We must also strengthen post-national norms in academia, while in the software world we need transparency, not just in the sense of open source but of business relationships too. Open source makes it harder for security companies to sell different versions of the product to people we like and people we hate. And the NSA may have thought dual-EC was OK because they were so close to RSA; a sceptical purchaser should have observed how many government speakers help them out at the RSA conference!

Secret laws are pure poison; government lawyers claim authority and act on it, and we don’t know about it. Transparency about what governments can and can’t do is vital.

On the technical front, we can’t replace the existing infrastructure, so it won’t be possible in the short term to give people mobile phones that can’t be tracked. However it is possible to layer new communications systems on top of what already exists, as with the new generation of messaging apps that support end-to-end crypto with no key escrow. As for whether such systems take off on a large enough scale to make a difference, ultimately it will all be about incentives.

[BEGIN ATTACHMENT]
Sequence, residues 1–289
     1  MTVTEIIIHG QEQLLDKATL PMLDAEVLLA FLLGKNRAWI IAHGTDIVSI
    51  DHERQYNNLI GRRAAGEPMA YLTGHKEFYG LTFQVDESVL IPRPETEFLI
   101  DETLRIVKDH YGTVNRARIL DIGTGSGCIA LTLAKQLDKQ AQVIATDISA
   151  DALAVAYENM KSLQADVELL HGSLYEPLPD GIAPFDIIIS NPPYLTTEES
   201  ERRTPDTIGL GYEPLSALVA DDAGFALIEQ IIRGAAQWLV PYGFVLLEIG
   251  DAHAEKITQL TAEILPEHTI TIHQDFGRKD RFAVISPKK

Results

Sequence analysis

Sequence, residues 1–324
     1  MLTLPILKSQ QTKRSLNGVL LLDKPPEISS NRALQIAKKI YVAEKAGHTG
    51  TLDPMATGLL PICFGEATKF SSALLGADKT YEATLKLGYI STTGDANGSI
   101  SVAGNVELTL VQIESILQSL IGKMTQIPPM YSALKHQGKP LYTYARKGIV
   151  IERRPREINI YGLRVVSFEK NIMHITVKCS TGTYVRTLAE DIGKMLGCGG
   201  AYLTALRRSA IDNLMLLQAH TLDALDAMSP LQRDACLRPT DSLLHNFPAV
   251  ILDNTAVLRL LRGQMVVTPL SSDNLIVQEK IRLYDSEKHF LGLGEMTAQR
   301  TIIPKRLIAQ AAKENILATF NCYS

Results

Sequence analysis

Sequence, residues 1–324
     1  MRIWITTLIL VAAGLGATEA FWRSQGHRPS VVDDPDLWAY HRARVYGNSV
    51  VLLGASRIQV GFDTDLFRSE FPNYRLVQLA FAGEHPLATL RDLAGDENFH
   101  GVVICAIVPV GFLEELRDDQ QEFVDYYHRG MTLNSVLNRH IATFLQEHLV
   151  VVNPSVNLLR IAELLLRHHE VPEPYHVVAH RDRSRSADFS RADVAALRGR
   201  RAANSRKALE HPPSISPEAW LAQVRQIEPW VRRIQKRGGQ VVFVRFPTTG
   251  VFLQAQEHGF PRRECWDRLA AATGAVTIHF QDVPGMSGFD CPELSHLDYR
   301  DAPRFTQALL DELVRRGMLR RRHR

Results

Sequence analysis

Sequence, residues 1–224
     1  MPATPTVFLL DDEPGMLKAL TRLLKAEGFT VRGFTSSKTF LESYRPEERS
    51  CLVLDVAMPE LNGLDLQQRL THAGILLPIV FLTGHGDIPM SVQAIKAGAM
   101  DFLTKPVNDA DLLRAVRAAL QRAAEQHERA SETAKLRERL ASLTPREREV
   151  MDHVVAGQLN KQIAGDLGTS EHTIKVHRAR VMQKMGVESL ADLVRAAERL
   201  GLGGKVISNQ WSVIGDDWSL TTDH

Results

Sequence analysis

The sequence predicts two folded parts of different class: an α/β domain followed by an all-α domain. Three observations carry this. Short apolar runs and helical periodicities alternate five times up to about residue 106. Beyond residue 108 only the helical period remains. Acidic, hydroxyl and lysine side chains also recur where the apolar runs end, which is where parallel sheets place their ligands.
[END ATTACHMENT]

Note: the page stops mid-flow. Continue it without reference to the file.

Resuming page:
19 thoughts on “Meeting Snowden in Princeton

    1. Yes, thank you for the great summary, however one part of the post jumped out at me:

      Secret laws are pure poison; government lawyers claim authority and act on it, and we don’t know about it.

      “Secret laws” are not laws. It is the equivalent of “because I said so”, and that is simply a fascist edict.

      @CombiHack points out:

      If “ignorance of the law is no excuse”, then the law MUST be publicly available. [..] Alternatively (less preferable): If “secret laws are laws”, then ignorance of the law MUST be a complete defense. End of story.

      1. The recent “secret laws” amuse me. In a course I teach one of the whimsical things I do, in this year of Magna Carta, is to compare English law with the Yassa of Genghis Khan, both in 1215 and 2015 – not always favorably. So here’s another point of comparison that used to favor English law. The Yassa too was deliberately secret – but at least that was somewhat balanced by a confession of guilt being a pre-requisite for conviction of the accused.